Ex-cop found guilty of dealing crystal meth, pills in Norristown area
Thereporteronline.com, July 26, 2013
COURTHOUSE — An ex-cop who once carried handcuffs at his side was led away in them Thursday after a jury found him guilty of 16 out of 21 drug-related felonies in Montgomery County Court Thursday.
Jack Pennington of Upper Merion, a former detective sergeant with the Norristown Police Department, was found guilty of delivery of a controlled substance and possession with intent to deliver Percocet and possession with intent to deliver three ounces of crystal methamphetamine in connection with a drug transaction that took place last summer.
“You saw the jury really got a capture of what this defendant’s life was like on June 19, 2012, which was trafficking methamphetamine and pills throughout Norristown,” said Assistant District Attorney Nathan Schadler. “By our calculations, preliminarily, that’s 19 years in mandatory minimum sentences. We’ve very pleased with today’s verdict.”
Prosecutors alleged Pennington used his past position of authority to protect himself and intimidate his “customers,” even carrying his old police badge and bearing Fraternal Order of Police (FOP) license plates on his Cadillac.
During the four-day trial, Schadler and his co-counsel, Assistant District Attorney Nicholas Reifsnyder, presented evidence that resulted from a wiretap investigation and led police to the Plymouth Meeting Mall on June 19, 2012, where Pennington met his supplier.
In his closing arguments, Schadler played each profanity-laced recorded phone call over again for the jury. In total, detectives recorded 18 phone calls in just more than six hours. Much of the content of the phone calls concerned meeting up with buyers of crystal meth and Percocet, a highly addictive narcotic prescribed to patients suffering from severe pain.
“The fact that he was operating a car with FOP plates and still had his badge on him makes this even more despicable and disgraceful,” Schadler said. “Justice was done today for law enforcement, for the community and for the residents of Norristown.”
Describing his client as a “cantankerous” man and a “blowhard” who liked to impress women, defense attorney John I. McMahon Jr. asked the jury to find his client not guilty on all charges.
Court documents allege police caught Pennington red-handed in a drug transaction at the mall.
“There’s no question Jack Pennington will not get the Citizen of the Year Award, especially between April, May and June 2012 – a blink of an eye in his 70 years (of age).” McMahon said in his closing argument. “But every citizen in the U.S. — no matter what their job, religion or race — deserves equal justice under the law. He has not been treated the same as somebody who was not a former police officer.”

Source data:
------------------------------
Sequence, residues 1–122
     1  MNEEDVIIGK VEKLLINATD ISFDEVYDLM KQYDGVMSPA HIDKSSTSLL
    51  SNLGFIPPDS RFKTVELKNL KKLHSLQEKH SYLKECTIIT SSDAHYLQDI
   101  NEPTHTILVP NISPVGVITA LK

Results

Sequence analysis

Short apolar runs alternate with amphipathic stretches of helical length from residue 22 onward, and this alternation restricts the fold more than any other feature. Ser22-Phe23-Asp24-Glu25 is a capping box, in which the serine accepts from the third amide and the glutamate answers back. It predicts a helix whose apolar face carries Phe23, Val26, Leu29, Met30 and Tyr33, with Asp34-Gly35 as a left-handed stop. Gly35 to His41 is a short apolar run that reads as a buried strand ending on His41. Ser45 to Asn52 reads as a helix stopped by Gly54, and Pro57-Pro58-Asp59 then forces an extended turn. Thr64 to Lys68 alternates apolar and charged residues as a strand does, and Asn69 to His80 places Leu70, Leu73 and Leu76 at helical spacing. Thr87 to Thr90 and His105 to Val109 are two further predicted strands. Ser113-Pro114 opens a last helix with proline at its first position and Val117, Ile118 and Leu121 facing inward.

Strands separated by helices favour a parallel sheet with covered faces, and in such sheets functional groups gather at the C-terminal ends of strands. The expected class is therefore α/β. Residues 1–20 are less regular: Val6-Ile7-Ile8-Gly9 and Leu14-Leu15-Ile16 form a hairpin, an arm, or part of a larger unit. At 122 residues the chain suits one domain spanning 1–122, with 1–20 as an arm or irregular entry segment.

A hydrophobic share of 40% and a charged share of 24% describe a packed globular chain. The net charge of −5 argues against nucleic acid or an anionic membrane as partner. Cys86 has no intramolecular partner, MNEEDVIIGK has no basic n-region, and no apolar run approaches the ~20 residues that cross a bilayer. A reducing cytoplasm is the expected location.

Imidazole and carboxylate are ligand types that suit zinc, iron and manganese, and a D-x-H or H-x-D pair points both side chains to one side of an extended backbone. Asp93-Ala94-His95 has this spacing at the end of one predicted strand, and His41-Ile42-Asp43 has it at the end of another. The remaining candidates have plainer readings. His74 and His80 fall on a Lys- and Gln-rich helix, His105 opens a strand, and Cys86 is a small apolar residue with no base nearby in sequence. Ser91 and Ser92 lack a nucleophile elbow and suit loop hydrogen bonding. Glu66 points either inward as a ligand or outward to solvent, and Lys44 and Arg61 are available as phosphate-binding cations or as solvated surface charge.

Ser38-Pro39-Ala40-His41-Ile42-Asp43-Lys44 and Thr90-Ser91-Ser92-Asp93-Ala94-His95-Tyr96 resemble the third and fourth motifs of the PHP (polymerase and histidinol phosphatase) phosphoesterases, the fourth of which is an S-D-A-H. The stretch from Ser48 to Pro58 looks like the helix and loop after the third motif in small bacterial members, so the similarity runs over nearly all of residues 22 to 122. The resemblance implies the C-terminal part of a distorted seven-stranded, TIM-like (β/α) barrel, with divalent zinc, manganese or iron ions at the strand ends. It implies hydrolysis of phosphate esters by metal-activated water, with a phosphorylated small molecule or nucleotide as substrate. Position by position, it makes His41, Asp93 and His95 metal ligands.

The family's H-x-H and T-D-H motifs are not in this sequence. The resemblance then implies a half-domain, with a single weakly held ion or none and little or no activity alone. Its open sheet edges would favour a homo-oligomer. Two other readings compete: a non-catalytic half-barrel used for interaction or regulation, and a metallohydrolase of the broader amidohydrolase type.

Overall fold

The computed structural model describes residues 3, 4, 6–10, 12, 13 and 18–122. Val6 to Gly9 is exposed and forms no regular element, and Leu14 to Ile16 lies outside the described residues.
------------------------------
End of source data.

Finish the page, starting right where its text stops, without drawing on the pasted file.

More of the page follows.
After the verdict was read, McMahon said he intends to file and appeal.
“To me, this whole case is very tragic,” he said.
Throughout the trial and during his opening statements to the jury, McMahon characterized Pennington’s case as one plagued with “overbroad” charges. He described the district attorney’s office as having “almost limitless power” to proceed on charges with “flimsy evidence.”
In his closing argument, McMahon ran with the theme of a “grandpop” who served his country in the U.S. Navy in Vietnam and then the Norristown Police Department for 29 years.
“He’s a lonely, old man who liked getting attention from some of these younger women. There’s a direct correlation between his fall from grace and that (fact). Now he finds himself here today because it got way out of control,” McMahon said.
But Schadler argued the evidence stacked up against Pennington.
“When the play is cast in hell, you cannot expect angels for actions,” he said.
On the day of his arrest, police recovered three ounces of crystal meth in brown paper bags, more than $6,900 in cash, a fully loaded Smith and Wesson .38-caliber handgun, three cell phones, two digital scales and numerous empty plastic bags typically used for packaging drugs.
Taking the stand in his own defense Wednesday, Pennington denied ever selling meth to anyone.
On one recorded phone call, one of Pennington’s buyers tells him, “I want to go big,” meaning larger amount of meth. He tells her she has to wait until he can see “his guy.”
“From 9 (a.m.) to 5 (p.m.) on June 19, the defendant was worried about two things — selling drugs and meeting his ‘guy.’ All in a day’s work for this defendant,” said Schadler.
Following the reading of the verdict, Judge William R. Carpenter remanded Pennington to prison to await sentencing.